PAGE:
View All Slideshows
Santa Maria Sun / Eats
Artful cuisine: Enjoy some eye candy with your meal at Cafe Quackenbush in Los Alamos
WENDY THIES SELL
Come for the food and stay for the art. Or vice versa.
Café Quackenbush at The General Store is the kind of place you would expect to find in sophisticated urban areas like San Francisco or Paris.
But the café opened for business in the small rustic town of Los Alamos in 1999. It has organically grown a loyal following with a trifecta of fine café cuisine, fine wine, and fine art.
“It’s a perfect combination, I think. The art gallery—you can enjoy that. You can enjoy food, relax, and all that great stuff,” said the café’s chef since opening day, Jesper Johansson.
Customers enter the place through an outdoor dining patio. There are two dining rooms inside for café customers to sit and enjoy breakfast or lunch; one is close to the kitchen, the other is inside the adjacent art gallery full of beautiful plein air paintings, quirky watercolors, antiques, and colorful crafts.
“We have people who come in just for the art gallery that end up eating, and that’s kind of my goal,” Johansson said. “I think that for sure, the café is a great draw for the art. And then you sit in the art gallery and you might stare off at something you like. And you come back two months later, and if it’s there, you might buy it.”
Johansson, a native of Sweden, graduated with honors from the Santa Barbara School of Culinary Arts.
Ralph Quackenbush and John Morley, who wanted to open a café that connects to The General Store, approached Johansson in the late ’90s while he was working in the kitchen at the Brothers Restaurant in Solvang.
“We just started with basically espresso and pastries,” Johansson recalled. “And then realized soon that we had to put some sandwiches on the menu and go from there.”
A few years later, Johansson added breakfasts, such as the simple yet delicious Chef’s Special Breakfast Sandwich ($8.95), which I adored on my last visit. It’s local eggs, thick bacon, tomato, red onion, cheese, and mayo on toasted bread.
The breakfast menu includes pancakes, a breakfast burrito, and house-made European pastries. There are more options on weekends, such as Joe’s Special Scramble; a vegetable frittata; omelets; and bagel, lox, and goat cheese.
For lunch, Johansson makes a soup of the day; an 8-ounce hamburger with sharp Vermont cheddar or bleu cheese with thick-sliced bacon; Dungeness crab cakes and cole slaw on crispy wonton skins; roast beef with Danish bleu cheese; oven-roasted turkey with chipotle mayonnaise; smoked salmon with honey mustard caper sauce; and the popular pulled pork barbecue and cole slaw on a bun.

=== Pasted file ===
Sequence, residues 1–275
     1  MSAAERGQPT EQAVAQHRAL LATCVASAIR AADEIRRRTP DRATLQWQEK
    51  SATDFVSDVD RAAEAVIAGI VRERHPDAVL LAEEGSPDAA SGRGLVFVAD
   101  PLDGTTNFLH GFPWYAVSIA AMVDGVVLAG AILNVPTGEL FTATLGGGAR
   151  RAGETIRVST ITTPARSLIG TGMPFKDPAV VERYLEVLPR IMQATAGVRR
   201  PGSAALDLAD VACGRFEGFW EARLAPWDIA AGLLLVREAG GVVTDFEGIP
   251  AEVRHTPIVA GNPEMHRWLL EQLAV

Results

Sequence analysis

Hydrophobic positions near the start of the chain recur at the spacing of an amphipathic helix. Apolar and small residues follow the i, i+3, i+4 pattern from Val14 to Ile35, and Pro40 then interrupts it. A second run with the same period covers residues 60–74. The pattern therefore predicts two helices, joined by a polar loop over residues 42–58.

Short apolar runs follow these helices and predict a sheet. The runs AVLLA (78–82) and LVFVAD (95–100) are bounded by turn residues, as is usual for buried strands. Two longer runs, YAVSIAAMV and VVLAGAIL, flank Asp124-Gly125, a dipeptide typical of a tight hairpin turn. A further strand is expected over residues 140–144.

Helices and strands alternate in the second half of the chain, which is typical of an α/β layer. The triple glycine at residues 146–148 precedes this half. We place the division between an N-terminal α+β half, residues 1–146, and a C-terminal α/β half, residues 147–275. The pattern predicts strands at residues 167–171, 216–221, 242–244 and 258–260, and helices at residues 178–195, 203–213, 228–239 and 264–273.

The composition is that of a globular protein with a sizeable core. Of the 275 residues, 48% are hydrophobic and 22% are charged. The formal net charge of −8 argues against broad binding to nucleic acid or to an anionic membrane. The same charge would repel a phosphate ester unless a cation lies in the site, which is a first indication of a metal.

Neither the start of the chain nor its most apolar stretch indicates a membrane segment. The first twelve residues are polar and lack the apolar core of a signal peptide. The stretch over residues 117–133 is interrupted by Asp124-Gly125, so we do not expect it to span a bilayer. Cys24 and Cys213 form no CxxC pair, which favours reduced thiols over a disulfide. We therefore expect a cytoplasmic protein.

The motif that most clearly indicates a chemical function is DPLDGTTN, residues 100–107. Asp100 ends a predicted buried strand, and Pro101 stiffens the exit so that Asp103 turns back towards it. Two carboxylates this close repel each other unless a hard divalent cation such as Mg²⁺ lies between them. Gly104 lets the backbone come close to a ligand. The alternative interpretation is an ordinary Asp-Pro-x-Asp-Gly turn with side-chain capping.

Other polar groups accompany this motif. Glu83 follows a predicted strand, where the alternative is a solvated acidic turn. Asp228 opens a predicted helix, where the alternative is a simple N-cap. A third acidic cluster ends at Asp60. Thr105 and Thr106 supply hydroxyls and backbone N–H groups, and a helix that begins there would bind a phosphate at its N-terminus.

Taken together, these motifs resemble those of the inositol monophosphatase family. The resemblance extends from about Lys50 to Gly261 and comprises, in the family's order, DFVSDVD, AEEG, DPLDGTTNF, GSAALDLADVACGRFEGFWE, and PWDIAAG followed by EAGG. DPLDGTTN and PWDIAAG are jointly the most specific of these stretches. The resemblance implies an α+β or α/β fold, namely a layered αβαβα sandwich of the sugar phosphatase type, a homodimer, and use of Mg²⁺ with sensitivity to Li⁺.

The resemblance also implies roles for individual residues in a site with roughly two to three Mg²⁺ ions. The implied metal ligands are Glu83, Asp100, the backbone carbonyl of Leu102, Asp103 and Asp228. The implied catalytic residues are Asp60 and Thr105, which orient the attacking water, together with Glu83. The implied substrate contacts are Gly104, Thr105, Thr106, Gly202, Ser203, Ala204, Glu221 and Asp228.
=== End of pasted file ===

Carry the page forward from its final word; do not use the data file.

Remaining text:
Johansson gets creative every day with his local special menu.
“We have a whole enclave of people who don’t even look at the regular menu that I have. They only go for my specials. They will come in and trust me,” Johansson said. “Most people get into that, and I love that. I want to be creative, and I try to be local. With my salad and sandwich menu, I just want to be consistent, because I have people who come in for the egg salad—that’s all they want every time they come in. I’m creative with the special menu.”
An “immensely popular” Café Quackenbush special recently was the chef’s take on the Reuben sandwich: a “super delicious” Jimenez Family Farm bratwurst wrapped with corned beef, with Sriracha thousand island sauce, and provolone cheese on a hoagie.
The café is open Tuesday through Sunday for breakfast and lunch, and it stays open one evening a month for dinner, during Los Alamos’ Third Saturday Evening Stroll—each third Saturday of the month, when all the businesses in town stay open late.
That one night a month, dinner is served from 5 to 8 p.m. The chef prepares a special menu with usually three entrees, a couple of appetizers, and sometimes the regular lunch menu as well.
When Café Quackenbush opened 15 years ago, the town was sort of sleepy, doing mostly weekend business. But as of late, new tasting rooms and eateries on Bell Street have invigorated the little historic town.
“We love Los Alamos! It’s happening,” Johansson said.
“Santa Maria, Lompoc, and Orcutt have sort of kept us in business, and obviously Santa Ynez, too. People travel up and down the coast,” he explained. “A lot of my customers that come back once or twice a year, who stopped 10 years ago and had a good meal, come back and it’s their regular stop between L.A. and San Francisco.”
Every time I have stopped in at the café, there are several bicycles parked in front and cyclists inside refueling before continuing their ride.
“Let’s not forget about the cyclists! I think every road kind of leads to Los Alamos,” Johansson said. “There are so many loops for bicyclists.”
Johansson said his goal is consistency; that’s what brings people back over the years: “If you do a consistent job every time, you’ll have your regulars come back, and they do.”
Wine and food columnist Wendy Thies Sell likes art with her latte. Contact her at firstname.lastname@example.org.
Mission to sainthood: Recently canonized Father Junipero Serra helped establish the California mission system, but is he really saint material? Pewter Plough Playhouse founder Jim Buckley dies at 102 Cougars & Mustangs Diablo debate: Town hall meeting highlights federal, local, and state stakeholders in nuclear plant's future A colorful garage prompts an eviction threat at the Santa Margarita Mobile Home Park Coastal Commission delays Pismo BeachWalk Hotel appeal SLO Supes to consider steps toward community choices for energy production